Great power rivalry
Ukraine: Heavy fighting erupted in southern Ukraine this week as the country’s military launched its first major counteroffensive since the invasion to try to regain territory occupied by Russia in the Kherson region.
The attacks marked a change in tactics for Ukraine’s military, which has largely conducted defensive operations. Regaining territory is likely to require significant troop numbers, especially as Kherson was captured in the early stages of the war, which has given Russia months to dig in.
Ukraine’s President Volodymyr Zelensky said he planned to take back all areas occupied by Russia since 2014, including Crimea and territory in the eastern Donbas region. “If they want to survive, it is time for the Russian military to flee,” he said in a video address.
The Ukrainian assault followed a lengthy stalemate in which fighting continued but neither country’s military made substantial gains. Russia’s President Vladimir Putin recently ordered an increase in the size of his military by 137,000 troops to 1.15 million by January 2023, a sign that he is preparing for a prolonged war.
The war is causing chaos across Europe, as a halt to the flow of Russian energy supplies has led to power shortages and soaring inflation. Europe relied on Russia for 40 per cent of its gas before the war but supplies have dwindled as Europe has tried to wean itself off Russian energy. Russia has retaliated by reducing its supply.
Gas prices last week were seven times higher than the same period last year. But prices are set to worsen as Europe enters winter and demand soars.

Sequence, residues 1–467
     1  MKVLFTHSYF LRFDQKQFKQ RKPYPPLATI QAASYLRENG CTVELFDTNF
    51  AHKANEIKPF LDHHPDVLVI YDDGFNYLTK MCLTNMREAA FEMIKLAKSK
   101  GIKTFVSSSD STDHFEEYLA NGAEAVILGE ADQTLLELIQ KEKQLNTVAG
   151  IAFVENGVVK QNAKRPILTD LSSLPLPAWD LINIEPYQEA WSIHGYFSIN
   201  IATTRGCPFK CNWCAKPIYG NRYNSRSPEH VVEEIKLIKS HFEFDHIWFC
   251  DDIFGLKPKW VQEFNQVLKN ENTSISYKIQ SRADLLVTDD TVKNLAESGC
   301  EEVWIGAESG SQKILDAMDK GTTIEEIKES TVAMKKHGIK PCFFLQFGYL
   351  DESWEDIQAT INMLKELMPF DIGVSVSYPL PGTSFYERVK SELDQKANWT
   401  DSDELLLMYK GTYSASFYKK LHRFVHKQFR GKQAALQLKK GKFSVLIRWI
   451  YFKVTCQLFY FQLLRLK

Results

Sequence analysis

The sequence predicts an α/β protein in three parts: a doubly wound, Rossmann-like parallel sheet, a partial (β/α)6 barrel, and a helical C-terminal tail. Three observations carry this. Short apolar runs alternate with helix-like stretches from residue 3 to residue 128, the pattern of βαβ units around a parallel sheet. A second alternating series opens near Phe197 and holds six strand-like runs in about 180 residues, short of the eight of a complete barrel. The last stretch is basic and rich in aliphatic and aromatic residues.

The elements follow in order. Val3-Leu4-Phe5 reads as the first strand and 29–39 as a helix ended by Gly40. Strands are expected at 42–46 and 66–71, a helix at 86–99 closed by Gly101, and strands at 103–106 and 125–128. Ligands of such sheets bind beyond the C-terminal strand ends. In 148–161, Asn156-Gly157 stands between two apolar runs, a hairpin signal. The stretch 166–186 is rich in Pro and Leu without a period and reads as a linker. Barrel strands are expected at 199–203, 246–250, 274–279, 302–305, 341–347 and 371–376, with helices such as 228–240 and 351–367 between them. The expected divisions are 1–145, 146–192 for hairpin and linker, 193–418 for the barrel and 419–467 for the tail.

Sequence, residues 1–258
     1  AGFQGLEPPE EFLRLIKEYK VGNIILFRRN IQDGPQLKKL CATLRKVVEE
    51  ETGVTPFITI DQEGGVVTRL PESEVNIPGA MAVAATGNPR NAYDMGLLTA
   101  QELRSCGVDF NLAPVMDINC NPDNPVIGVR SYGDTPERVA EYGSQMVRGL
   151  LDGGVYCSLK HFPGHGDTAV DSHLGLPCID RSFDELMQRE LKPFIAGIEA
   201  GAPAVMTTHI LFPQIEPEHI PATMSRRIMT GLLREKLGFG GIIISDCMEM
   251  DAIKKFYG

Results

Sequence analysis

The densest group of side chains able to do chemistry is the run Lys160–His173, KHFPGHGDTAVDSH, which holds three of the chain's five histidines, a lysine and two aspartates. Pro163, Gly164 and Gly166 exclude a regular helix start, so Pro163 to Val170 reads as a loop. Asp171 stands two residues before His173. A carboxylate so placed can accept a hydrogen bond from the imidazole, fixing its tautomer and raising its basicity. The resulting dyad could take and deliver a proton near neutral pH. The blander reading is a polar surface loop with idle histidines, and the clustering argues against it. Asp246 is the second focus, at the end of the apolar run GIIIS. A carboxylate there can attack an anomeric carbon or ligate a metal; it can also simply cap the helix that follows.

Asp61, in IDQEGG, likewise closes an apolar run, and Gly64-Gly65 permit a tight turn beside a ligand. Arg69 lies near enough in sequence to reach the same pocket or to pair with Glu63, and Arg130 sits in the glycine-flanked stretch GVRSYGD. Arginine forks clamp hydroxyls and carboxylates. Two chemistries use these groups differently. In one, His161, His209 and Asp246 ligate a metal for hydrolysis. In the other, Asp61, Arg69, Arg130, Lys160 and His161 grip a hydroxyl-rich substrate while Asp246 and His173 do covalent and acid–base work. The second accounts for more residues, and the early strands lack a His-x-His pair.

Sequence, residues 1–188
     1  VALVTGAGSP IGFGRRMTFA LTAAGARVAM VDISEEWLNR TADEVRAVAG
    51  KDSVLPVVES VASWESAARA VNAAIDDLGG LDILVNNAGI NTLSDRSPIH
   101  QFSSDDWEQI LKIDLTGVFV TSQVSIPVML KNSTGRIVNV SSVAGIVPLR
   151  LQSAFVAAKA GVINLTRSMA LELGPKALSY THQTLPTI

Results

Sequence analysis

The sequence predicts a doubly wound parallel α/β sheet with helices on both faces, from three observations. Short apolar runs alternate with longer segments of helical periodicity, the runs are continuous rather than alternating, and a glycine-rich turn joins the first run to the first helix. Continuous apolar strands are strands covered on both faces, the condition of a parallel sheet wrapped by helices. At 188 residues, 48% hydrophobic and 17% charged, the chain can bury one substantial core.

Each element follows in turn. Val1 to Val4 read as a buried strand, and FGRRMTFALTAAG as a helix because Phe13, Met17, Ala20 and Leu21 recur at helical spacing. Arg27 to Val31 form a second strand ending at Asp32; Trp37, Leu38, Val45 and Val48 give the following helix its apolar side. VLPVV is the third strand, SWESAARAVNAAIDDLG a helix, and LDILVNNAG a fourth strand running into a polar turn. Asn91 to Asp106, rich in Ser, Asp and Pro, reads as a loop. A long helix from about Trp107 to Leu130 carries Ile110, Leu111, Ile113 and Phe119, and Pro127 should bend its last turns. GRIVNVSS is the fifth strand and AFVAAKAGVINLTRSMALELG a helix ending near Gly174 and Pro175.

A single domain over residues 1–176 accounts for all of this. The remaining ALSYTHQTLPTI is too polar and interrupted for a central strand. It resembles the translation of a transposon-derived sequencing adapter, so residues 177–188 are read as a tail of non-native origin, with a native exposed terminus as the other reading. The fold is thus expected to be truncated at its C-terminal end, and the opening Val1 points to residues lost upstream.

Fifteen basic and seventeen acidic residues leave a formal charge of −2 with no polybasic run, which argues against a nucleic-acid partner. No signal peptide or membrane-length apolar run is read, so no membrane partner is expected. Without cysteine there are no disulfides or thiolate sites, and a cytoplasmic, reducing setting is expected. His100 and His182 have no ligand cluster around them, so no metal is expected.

To preserve energy, France, Spain and Italy have ordered limits on the use of airconditioning, and German authorities ordered the lights at the Brandenburg Gate and Cologne’s cathedral to be turned off at night.
In Germany, residents have been preparing for the winter by stockpiling wood. The head of Germany’s Federal Association of Chimney Sweeps, Alexis Gula, told DW News that demand for wood stoves had increased by up to 40 per cent and that buyers no longer bought them to be “cosy” but to ensure they were ready for winter.
Solomon Islands: On Tuesday, Solomon Islands banned foreign naval ships from visiting amid tensions with Washington over a refusal to allow a United States vessel to dock.
The announcement by the Solomon Islands prime minister, Manasseh Sogavare, came hours after the US embassy in Canberra confirmed it had been formally notified of a moratorium on naval visits “pending updates in protocol procedures”.
The move followed an incident last week in which Solomon Islands refused to give routine clearance for a US Coast Guard vessel to access a port in Honiara to refuel. The vessel was patrolling for illegal fishing in the region and was diverted to Papua New Guinea. Washington expressed “regret” over the incident and said it “expect[s] all future clearances will be provided to US ships”.
Ties between Solomon Islands and the US, Australia and their allies have deteriorated since Honiara signed a secret security deal with China earlier this year. A leaked draft indicated that the pact would allow Chinese ships to dock and replenish.
Sogavare has pushed for closer ties with Beijing, including switching diplomatic recognition from Taiwan to China in 2019. Earlier this month, Solomon Islands reached a deal with China that will allow for the construction of 161 mobile phone towers by Chinese telecommunications giant Huawei. Australia previously built an underwater cable to Solomon Islands to prevent Huawei securing the contract.